Schools in England should not use anti-capitalist and other extreme materials in teaching, the UK government told them on Sept. 24.
The advice comes as part of the extensive Department of Education (DfE) guidance announced for schools on setting their relationships, sex, and health curriculum.
Opposing Free SpeechResources from such organizations opposing free speech, and the freedoms of association, assembly, religion, and conscience are out of bounds, it added.
The guidelines met with criticism from Labour members of Parliament.
Meanwhile, Amnesty International UK (AIUK) said the government guidance was needed but had overreached when it came to banning anti-capitalist materials.
“While it’s clearly necessary to avoid materials with homophobic, racist or similarly extreme content being used as teaching tools in our schools, it’s a step too far to ban materials which question an economic model such as capitalism,” Allan Hogarth, AIUK’s head of policy and government affairs, said in an emailed statement.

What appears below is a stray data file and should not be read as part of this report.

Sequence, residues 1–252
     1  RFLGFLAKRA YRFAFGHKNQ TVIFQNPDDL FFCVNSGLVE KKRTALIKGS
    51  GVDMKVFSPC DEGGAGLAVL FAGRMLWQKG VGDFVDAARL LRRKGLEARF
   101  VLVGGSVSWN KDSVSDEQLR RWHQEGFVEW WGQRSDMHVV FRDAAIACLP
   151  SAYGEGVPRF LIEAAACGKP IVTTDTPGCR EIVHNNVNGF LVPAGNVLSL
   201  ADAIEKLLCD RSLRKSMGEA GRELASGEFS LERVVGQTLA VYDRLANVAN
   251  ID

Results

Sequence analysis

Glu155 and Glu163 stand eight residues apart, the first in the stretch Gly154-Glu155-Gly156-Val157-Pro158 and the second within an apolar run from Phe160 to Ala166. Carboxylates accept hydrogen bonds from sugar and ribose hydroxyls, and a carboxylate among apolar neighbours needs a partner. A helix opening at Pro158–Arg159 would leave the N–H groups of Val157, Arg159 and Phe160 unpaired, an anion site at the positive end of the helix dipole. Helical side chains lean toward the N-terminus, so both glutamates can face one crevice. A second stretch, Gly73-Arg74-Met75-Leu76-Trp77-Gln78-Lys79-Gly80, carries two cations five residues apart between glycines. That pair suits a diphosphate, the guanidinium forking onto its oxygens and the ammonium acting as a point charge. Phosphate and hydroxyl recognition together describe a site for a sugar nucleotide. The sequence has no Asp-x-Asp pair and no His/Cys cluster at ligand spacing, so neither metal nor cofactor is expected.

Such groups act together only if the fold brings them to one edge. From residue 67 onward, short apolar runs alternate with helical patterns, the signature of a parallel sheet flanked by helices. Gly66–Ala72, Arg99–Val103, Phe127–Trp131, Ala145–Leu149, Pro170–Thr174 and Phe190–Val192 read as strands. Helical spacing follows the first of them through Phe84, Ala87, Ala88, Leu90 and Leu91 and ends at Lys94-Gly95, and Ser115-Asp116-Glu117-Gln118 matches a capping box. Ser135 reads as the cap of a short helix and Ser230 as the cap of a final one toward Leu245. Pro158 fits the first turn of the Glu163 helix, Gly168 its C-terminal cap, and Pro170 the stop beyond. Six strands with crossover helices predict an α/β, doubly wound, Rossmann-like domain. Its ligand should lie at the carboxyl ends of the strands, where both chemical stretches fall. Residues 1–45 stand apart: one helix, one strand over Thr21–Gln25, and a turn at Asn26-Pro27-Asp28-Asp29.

A Variety of ViewsMinister of State for School Standards Nick Gibb said the curriculum guidelines would help schools provide an environment echoing a variety of views and supporting individual pupils.
The government guidance also tells schools not to use materials produced by organizations that use or support “racist, including antisemitic, language or communications.”
It warns against the use of materials from groups that promote or fail to condemn illegality or violence committed directly in their name or in support of them.
Another example of an extreme position was given as "promoting divisive or victim narratives that are harmful to British society."